Legislation business

Published: July 11, 2019
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The business of legislation has been experiencing hiccups ever since the formation of the assemblies on the basis of the 2018 general election results. Parliament remained deadlocked for first hundred days of the new government for the simple reason that the PTI and its allies could not form the House committees. The legislation business thus remained at a standstill. Chairmanship of the all-powerful House committee, the Public Accounts Committee, was the bone of a months-long contention between the government and the opposition, with both staking claim to the coveted slot. As both sides stuck to their positions, there was no agreement either on the formation of as many as 45 standing committees of the National Assembly whose job is to consider a parliamentary bill before a seal of approval from the House is sought. With the government finally conceding to the opposition’s demand, offering the PAC chairmanship to Shehbaz Sharif, the House committees came into being — albeit after nearly six months of the formation of the government.

Now nearly five months from then, the business of legislation again faces hurdles. National Assembly Speaker Asad Qaiser has ordered cancellation of all standing committee meetings, stating that they should only be summoned while the lower house is in session. The Speaker’s order is stated to have come in line with the government’s austerity drive, but the opposition calls the order ‘illegal’ and an ‘attack on parliament’. PPP Chairman Bilawal Bhutto insists the Speaker seems totally ignorant of the importance of the standing committees which are ‘the brain of parliament’.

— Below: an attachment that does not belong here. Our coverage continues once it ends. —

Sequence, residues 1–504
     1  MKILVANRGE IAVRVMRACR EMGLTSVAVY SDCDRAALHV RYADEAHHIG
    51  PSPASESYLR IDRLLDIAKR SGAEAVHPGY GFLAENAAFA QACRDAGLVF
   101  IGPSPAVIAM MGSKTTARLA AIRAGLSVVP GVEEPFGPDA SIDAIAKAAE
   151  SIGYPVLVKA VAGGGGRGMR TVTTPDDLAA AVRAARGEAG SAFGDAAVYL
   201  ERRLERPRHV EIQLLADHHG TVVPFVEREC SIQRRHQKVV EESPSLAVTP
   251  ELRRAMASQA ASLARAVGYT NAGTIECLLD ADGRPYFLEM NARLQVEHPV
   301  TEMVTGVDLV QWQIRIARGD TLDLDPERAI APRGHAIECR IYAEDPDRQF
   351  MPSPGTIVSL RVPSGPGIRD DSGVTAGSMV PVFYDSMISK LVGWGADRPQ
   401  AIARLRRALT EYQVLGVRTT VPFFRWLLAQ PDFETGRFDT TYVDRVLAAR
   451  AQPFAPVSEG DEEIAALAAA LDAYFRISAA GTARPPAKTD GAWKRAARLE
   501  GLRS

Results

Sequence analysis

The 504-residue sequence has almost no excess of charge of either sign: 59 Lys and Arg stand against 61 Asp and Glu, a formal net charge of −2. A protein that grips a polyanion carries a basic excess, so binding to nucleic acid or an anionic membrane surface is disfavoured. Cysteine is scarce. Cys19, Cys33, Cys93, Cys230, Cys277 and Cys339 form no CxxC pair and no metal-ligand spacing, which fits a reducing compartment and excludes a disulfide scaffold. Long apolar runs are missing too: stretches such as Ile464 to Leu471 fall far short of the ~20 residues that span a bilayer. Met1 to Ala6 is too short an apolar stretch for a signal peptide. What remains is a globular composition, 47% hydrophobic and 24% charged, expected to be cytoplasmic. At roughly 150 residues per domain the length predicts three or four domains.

That parliament is incomplete without the standing committees is hardly debatable. It is these committees that set groundwork for the House’s future session. As the opposition sees an element of politics behind the Speaker’s order, it is unlikely to accept it as it is. The opposition may even boycott the committee meetings altogether. This threatens to leave the House dysfunctional — yet again.

Published in The Express Tribune, July 11th, 2019.

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